Never too early for award talk
By Joe Auriemma
Johnny Damon made a statement after the Yankees’ completion of their four-game sweep over the Red Sox Sunday night that made me think a bit.
Damon said that Teixeira should be considered as an MVP candidate this
season. Now, I know there are 51 games left and there is
a lot of baseball to be played, but I still think it’s not to early to
talk about Yankees who are possible candidates for awards in
recognition of their 2009 regular season performance.
Damon had it right when he proclaimed that Teixeira is an MVP candidate. The Yankees have the best record in the Majors and Teixiera’s play has a lot to do with that. His .286
average, league-leading 29 home runs and team high 83 RBIs are
astounding. He is proving that his offseason signing might be what the
Yankees everyday lineup has been missing for quite some time.
In some of the key clutch stats, he also comes up big. With two outs
and runners in scoring position, he is hitting .357 with two homers
and 20 RBIs. Seven of his homers have broken a tie, 12 of his 29
have come when the game is within one run and 19 have
come when the game is within two runs. In the close-and-late category,
which is after the seventh inning when the game is tied, within one run
or the the tying run is at least on deck, Teixeira is hitting .302 with
four home runs and 19 RBIs. He’s also having a tremendous second half.
Since the All-Star break he is hitting .326, with eight home runs and
20 RBIs in 23 games.
If that didn’t already make him a legitimate MVP candidate, then his
sparkling defense should put him at the top of the list. The two-time
Gold Glove-winning first baseman has proven why he has been
bestowed that honor in the past. He has range, leaping ability and can
really pick it over at first. He is certainly their best defensive
first baseman since Don Mattingly (no offense to Tino Martinez) and has
saved many potential errors this season. His presence alone has upgraded
an infield that has been in need of this type of player since the
People may think I’m crazy for bringing up A-Rod’s name in MVP
talk, especially that he missed more than a month this season and
his numbers don’t really look MVP worthy. To me, A-Rod can stake as
much claim to being a candidate for the award as almost anyone in the
league. He may be batting .259 this season, he does have 21 home runs
and 63 RBIs in just 80 games.
The MVP award is exactly what it stands for, the Most Valuable Player in the American League to his team. Well Alex can make a claim
that he is. The Yankees are 56-27 since his return on May 8 and 53-27
when he’s in the lineup. That means they’re a mediocre
16-15 without him in any game and were 13-15 before his return.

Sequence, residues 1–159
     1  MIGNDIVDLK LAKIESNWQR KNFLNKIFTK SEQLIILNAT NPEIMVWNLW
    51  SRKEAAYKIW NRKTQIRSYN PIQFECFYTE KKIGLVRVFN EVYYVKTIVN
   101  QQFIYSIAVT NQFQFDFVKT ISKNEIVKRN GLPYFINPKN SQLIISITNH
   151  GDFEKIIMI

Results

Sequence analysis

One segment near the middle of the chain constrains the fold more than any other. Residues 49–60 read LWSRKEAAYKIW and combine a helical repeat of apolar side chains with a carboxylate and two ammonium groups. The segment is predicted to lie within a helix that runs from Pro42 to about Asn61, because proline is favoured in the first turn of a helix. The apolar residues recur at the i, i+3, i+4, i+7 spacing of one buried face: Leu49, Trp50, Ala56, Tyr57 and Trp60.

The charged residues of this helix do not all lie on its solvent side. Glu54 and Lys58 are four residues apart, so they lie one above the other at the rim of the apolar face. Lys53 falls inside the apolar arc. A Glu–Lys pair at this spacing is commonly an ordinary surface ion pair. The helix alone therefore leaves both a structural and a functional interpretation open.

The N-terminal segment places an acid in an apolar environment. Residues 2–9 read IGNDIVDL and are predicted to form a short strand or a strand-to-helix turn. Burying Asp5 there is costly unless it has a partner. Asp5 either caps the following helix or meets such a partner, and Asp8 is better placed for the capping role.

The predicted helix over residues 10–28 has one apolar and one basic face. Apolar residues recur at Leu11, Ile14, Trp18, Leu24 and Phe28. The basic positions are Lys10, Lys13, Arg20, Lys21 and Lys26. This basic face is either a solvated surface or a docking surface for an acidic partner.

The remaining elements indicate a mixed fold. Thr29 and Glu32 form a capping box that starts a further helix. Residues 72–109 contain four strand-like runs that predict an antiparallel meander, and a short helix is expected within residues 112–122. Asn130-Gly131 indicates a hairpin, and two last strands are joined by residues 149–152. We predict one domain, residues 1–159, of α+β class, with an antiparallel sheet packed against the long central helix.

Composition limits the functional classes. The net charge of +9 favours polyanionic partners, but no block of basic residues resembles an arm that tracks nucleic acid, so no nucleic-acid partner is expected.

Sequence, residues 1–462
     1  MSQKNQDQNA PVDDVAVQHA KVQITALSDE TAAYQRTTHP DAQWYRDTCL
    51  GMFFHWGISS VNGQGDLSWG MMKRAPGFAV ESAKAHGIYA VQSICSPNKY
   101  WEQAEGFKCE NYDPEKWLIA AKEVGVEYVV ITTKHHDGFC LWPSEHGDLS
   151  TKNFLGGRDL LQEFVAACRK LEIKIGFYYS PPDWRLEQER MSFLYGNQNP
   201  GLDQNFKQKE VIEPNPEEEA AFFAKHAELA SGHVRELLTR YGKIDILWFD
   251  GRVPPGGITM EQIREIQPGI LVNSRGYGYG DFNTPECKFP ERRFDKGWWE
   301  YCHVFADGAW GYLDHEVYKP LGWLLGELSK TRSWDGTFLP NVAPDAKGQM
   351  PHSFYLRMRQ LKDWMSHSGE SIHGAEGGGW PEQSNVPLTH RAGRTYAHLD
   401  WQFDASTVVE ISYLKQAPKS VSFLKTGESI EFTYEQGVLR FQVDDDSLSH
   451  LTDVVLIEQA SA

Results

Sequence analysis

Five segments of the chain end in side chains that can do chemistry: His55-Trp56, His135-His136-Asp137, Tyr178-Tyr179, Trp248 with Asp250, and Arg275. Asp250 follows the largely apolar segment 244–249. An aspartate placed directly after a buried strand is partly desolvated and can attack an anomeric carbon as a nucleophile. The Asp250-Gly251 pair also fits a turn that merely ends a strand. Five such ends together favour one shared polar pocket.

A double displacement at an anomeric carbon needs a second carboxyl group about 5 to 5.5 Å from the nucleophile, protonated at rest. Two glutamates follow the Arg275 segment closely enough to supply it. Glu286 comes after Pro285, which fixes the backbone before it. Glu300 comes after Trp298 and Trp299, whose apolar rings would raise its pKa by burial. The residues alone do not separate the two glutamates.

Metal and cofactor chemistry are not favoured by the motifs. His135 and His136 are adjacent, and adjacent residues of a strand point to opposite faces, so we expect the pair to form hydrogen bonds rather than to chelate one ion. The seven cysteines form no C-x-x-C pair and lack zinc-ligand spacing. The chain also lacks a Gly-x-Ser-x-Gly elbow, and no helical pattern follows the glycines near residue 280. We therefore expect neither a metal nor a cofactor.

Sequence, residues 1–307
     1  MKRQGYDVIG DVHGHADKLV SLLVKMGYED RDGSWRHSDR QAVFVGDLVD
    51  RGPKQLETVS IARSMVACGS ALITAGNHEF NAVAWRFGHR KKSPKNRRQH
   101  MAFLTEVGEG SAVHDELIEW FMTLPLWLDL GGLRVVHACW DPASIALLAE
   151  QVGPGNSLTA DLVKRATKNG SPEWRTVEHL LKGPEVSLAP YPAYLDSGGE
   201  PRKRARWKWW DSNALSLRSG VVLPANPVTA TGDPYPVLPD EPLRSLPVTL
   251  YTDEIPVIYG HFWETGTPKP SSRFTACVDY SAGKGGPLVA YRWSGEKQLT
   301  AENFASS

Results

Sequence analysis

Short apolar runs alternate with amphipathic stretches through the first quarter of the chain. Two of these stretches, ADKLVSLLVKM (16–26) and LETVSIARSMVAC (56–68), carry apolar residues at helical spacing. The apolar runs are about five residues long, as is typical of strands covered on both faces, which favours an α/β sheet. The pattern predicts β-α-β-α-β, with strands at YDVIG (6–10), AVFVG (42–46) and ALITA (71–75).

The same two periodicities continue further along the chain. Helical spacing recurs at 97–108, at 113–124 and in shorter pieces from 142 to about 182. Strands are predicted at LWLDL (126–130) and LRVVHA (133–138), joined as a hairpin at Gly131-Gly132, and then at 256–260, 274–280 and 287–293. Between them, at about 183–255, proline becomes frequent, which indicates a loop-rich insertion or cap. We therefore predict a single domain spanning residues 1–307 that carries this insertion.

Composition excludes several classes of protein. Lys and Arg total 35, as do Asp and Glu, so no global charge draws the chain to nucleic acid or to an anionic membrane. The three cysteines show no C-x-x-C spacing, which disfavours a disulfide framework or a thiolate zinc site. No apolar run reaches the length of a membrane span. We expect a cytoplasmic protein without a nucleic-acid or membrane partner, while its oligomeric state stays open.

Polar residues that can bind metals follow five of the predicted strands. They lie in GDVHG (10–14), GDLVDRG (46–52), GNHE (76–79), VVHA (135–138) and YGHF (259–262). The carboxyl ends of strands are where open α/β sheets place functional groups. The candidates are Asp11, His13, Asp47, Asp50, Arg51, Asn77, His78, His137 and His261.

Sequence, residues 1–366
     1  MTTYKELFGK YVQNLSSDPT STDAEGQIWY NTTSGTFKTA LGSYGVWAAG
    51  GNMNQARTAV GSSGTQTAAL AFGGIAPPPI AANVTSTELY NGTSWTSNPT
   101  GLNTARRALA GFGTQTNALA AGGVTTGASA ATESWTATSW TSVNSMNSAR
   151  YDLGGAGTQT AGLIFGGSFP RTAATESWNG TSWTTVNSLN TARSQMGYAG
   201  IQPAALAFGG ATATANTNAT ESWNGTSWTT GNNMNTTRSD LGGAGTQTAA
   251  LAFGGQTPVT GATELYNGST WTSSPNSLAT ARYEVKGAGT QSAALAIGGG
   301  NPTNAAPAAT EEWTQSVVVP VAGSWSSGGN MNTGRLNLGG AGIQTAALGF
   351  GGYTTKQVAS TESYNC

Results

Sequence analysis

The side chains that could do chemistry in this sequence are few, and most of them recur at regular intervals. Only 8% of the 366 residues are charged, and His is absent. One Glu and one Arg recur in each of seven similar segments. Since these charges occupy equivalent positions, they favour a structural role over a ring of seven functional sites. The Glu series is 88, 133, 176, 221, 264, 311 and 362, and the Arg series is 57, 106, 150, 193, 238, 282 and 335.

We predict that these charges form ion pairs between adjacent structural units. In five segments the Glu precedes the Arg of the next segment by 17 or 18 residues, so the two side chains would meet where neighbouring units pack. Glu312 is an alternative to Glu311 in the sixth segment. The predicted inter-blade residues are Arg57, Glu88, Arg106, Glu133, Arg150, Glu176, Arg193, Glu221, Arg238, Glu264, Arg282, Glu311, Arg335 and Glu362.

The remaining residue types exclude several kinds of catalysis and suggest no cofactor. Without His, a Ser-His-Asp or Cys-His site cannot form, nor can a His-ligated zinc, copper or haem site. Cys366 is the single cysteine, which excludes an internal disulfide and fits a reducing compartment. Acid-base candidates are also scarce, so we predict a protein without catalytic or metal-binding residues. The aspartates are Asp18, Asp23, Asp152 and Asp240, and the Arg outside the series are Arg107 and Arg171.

The lineup has really been terrific with him. A-Rod changes the
complexion of the game. He disrupts a pitcher’s game plan and makes managers change their whole way of
thinking when you see his name penciled into the cleanup spot. Just
look at Teixeira’s numbers before A-Rod returned. To
start the season, Teixeira was hitting .198
with five home runs and 15 RBIs. Since the return of A-Rod,
Teixeira is batting.312, with 24 home runs and 68 RBIs in 82 games.
He’s seeing better pitches to hit because A-Rod is hitting behind him
in the order.
Let’s not forget to mention how clutch Rodriguez has been. In close-and-late situations, he is hitting .310 with eight home runs and
16 RBIs. He has also hit nine of this 21 home runs in tie ball games and
14 of his 21 round trippers are when the game is within one run. He
also has two walk-off wins this season, including one that ended a 15-inning marathon in a scoreless game against the Red Sox, which is as
pressure packed as it gets.
Johnny Damon - Honorable Mention
Johnny, don’t sell yourself short in the MVP talk. To this point , Damon has been brilliant in the No. 2 spot. When
opposing managers have to take a look at the top four in the Yankees’
order, it should make them cringe. Damon already has 21 home runs, only three off his career high from his first season with the
Yankees in 2006. He’s hitting .281 with 65 RBIs and is on pace for
another 100-run season (79). He’s already set the
single-season Yankees record with Teixeira with six back-to-back
With that being said, I don’t think that he will be a candidate when it’s all said and done, but my question is why not?
Don’t you think it’s time that Major League baseball rewarded the
greatest relief pitcher of all time with some hardware? Why can’t Mariano Rivera
win the Cy Young Award this season? I know that many critics are going
to bring up Mark Buehrle and his perfect game, Josh Beckett and his
13-4 record with a 3.12 ERA and Roy Halladay (12-5, 2.73
ERA) but Rivera is right there with them.
Rivera has not allowed an earned run since June 12 against the
Mets. Over that span, he has pitched in 21 games, 21.1 innings, allowed 10 hits, earned 18 saves, with 21 strikeouts and just four
walks. He has also lowered his ERA from 3.38 to 1.88.
Even more astonishing is that Rivera has converted 32 of 33 save
opportunities this season and has not blown a save since April 24
against Boston. With all of the talk of the five home runs
he allowed earlier in the season, he has not given up a dinger since
Rivera’s total numbers on the season stand at 1-2, with a 1.88 ERA,
those 32 saves, 53 strikeouts and only seven walks in 48
innings pitched and 47 games. He’s only allowed 37 hits,
nine of which were for extra bases and opponents are hitting just
.206 against him. If that doesn’t wow award voters, I don’t know